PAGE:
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Report for America is a national service program that places journalists into local newsrooms to report on under-covered issues and communities. This year's cohort has been placed with more than 160 local news organizations across 45 states and Puerto Rico, including two journalists right here at WNIJ. We are thrilled to announce the addition of JuanPablo Ramirez-Franco to our news team, and a new role for WNIJ reporter Yvonne Boose.Yvonne Boose covers artistic, cultural, and spiritual expressions in the COVID-19 era. This includes how members of community cultural groups are finding creative and innovative ways to enrich their personal lives through these expressions individually and within the context of their larger communities.Juanpablo Ramirez-Franco covers substandard housing and police-community relations. An audio producer and journalist based out of Chicago, he’s also been a bilingual facilitator at the StoryCorps office.He will continue Sarah Jesmer’s award-winning work at WNIJ covering issues of social justice and identity. Jesmer earned a top award from the Illinois Associated Press for reports including: Inside DeKalb County's Unincorporated Apartments; Wigs, Lipstick & Sparkles: The Thriving Drag Scene In Northern Illinois; and Kish College: Anonymous Letters And A Controversial Investigation.These reporting positions come at a time when local journalism is already reeling from years of newsroom cuts and unforeseen challenges brought on by the COVID-19 pandemic.Both positions are partially funded by a grant from Report for America. WNIJ must raise an additional $30,000 in local matching funds. Support these important voices in our community by donating to WNIJ’s portion here.Yvonne and Juanpablo’s stories on our community will be collected below.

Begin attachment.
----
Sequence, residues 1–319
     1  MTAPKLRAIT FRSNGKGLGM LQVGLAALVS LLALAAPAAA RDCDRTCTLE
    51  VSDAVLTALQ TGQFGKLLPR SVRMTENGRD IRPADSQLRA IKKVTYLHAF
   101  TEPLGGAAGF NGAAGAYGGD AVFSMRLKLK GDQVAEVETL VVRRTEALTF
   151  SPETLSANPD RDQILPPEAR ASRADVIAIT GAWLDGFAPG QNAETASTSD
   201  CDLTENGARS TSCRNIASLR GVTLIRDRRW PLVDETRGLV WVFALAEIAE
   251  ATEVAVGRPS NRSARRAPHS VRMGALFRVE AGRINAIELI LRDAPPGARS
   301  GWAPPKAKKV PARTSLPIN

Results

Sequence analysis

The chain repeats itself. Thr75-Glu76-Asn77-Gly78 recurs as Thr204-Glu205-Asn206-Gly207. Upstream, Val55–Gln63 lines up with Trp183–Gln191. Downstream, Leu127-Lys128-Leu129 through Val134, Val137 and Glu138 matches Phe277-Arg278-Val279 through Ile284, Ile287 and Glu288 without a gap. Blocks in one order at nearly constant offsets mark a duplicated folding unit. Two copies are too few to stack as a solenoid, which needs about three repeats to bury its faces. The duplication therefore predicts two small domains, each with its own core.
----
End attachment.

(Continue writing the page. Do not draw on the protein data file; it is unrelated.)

DeKalb Students Are Performing Outside Of The Camera Lens

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https://www.facebook.com/The-DeKalb-High-School-Music-Department-53607492790/?ref=page_internal
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Many parents haven’t been able to watch their high school musical students perform live because of COVID-19 safety precautions. But one northern Illinois high school is making this possible thanks to the generosity of a local church.  

The DeKalb High School musical department continued performances throughout the pandemic, but some things could only be done virtually.

Angel Smith, the office associate in the school’s music department, said Hopkins Park was one option for performances, but Christ Community Church, next to the school, caught their attention.

“We saw the tent across the parking lot,” she explained. “And we went and looked at it and we were like, ‘Oh, this would be perfect.’ So, we contacted the church. And they've been amazing.”

Two concerts have taken place so far. Smith described the scene: “It was chilly. It was perfect. Some people stayed in their cars. People brought their own chairs, everybody had masks. It sounded beautiful. It really did.”

Smith said the concert brought the students together after being separate for the school year. This is because some are in-person learners while others are educated virtually.

The parents can experience three more concerts May 12, 14 and ending with a Spring Musical Tuesday May 18. All performances start at 6:30 p.m.

  • Yvonne Boose is a current corps member for Report for America, an initiative of the GroundTruth Project. It's a national service program that places talented journalists in local newsrooms like WNIJ. You can learn more about Report for America at wnij.org.